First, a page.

Disjunction (and nowhere to turn to)
3-channel video installation, dimensions variable, projectors, dvd players, video relays, interactive speakers, CCIR video cameras, IR-lamps, IR sensors, audio mixer
Edition of 2, production year: 2000
CRAC, Liljevalchs, Stockholm.
Sep 09 -27, 2000.
5ive Projects, Yerba Buena Center for the Arts, San Francisco.
Jan 25 - April 6, 2003.
Southbound, Leipziger Strasse 54, Berlin
March 13 - April 12, 2003.
Five video films form the base structure of "Disjunction (and nowhere to turn to)". They are documentations of a person or group accomplishing a task that would be an everyday act under normal circumstances, but which demands a totally different approach when performed in complete darkness. A woman is doing her makeup, two persons are moving from point A to point B in a for them unknown culvert, a rock group is rehearsing in a small, solitary cabin in the woods and a string quartet is playing. These activities were all performed in complete darkness (or rather: in the most amount of darkness available) and were captured on video with an infrared sensitive camera, able to record in 0 lux.
Three video projectors display these videos onto a wall which divides the room diagonally into two parts: a light part where the projectors are located and a pitch-black part which is empty apart from two infrared sensitive surveillance cameras, two movement detectors and one lamp emitting infrared light, invisible for the human eye. When a person enters the dark room, he will activate one of the movement detectors, which in turn will cause one of the video relays to change source, from pre-recorded material composed of the five video films mentioned above, to the image from one of the cameras. For ten seconds, the person's actions will be shown 'live' by one of the video projectors in the light room on the other side of the wall. No delay is applied to this system, which meas that visitors will never see themselves move trough the black space.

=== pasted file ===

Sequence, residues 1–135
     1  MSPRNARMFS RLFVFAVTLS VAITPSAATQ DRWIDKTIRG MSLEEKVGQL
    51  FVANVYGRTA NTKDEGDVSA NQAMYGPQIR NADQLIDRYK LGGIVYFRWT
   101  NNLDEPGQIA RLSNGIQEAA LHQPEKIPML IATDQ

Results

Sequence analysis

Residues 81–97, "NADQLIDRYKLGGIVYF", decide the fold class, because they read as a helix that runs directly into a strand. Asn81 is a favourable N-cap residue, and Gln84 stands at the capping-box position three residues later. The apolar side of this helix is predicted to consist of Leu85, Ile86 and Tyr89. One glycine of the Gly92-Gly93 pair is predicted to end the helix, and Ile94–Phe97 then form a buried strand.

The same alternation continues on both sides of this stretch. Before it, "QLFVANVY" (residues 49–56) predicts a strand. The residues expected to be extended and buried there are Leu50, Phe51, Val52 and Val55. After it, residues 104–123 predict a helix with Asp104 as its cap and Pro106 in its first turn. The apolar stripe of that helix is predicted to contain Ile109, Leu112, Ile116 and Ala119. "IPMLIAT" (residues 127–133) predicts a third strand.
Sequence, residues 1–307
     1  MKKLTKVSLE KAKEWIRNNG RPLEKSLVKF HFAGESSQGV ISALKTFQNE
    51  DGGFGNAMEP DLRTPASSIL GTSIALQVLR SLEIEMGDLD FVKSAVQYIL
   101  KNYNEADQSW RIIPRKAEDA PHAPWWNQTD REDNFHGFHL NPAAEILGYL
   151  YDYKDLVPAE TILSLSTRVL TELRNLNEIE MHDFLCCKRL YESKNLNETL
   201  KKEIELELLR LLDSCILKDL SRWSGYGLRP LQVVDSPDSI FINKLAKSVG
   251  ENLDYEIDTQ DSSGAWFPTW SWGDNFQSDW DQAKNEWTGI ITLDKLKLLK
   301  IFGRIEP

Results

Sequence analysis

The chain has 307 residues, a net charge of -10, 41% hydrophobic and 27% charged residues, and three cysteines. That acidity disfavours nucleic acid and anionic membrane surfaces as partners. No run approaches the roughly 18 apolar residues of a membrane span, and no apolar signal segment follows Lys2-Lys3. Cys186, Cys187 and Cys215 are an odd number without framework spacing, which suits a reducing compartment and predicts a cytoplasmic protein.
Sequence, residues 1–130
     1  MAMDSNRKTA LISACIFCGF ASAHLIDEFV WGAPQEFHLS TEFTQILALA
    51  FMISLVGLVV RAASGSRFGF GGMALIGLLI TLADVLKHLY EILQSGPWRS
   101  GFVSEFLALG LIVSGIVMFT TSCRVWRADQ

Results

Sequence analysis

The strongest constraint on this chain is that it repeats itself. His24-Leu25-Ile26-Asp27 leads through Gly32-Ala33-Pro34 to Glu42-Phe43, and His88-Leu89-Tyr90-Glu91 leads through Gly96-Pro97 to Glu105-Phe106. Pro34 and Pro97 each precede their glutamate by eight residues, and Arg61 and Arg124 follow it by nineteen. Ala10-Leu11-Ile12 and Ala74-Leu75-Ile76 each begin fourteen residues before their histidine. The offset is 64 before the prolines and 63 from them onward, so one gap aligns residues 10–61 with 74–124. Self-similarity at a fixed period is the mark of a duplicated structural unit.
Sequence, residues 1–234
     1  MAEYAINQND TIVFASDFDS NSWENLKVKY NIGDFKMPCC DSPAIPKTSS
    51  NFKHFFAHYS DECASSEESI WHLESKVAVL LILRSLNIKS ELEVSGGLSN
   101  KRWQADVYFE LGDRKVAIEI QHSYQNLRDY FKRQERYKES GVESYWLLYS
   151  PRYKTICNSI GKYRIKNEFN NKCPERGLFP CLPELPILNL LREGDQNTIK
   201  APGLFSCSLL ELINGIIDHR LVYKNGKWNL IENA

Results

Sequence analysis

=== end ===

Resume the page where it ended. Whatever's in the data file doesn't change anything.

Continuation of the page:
Excerpt from The Southbound Catalogue
By Erik van der Heeg, 2003
"Jon Brunberg has been at the forefront for several years when it comes to merging a pregnant aesthetic form with the latest in technology. /.../ In all of his works, the viewer will find a web of meticulously interwoven themes on how politics, aesthetics, philosophy and psychoanalysis react vis-à-vis each other inside the ‘techno-sphere’ that constitutes today’s Western society. For this show, Brunberg has created a set of monitors showing various everyday activities carried out in total darkness. The viewer is able to follow the plots through the same infrared lenses that recently have become familiar by giving soldiers night-fight capability on the battlefield. A whole complex of art historical and psychological themes relating to vision, blindness, control and observation are brought into play here – themes stretching back to Velasquez's Las Meninas and Freud’s castration complex. The surveillance cameras used for this piece have an almost emblematic status in our modern security obsessed world. But the attentive viewer will nevertheless observe a paradoxical phenomenon beyond all voyeuristic aspects: the almost touching serenity of our mundane daily life. A girl doing her make-up, a couple making their way through a dark culvert, a band rehearsing in a cabin in the woods – all become symbols of what is human in us all."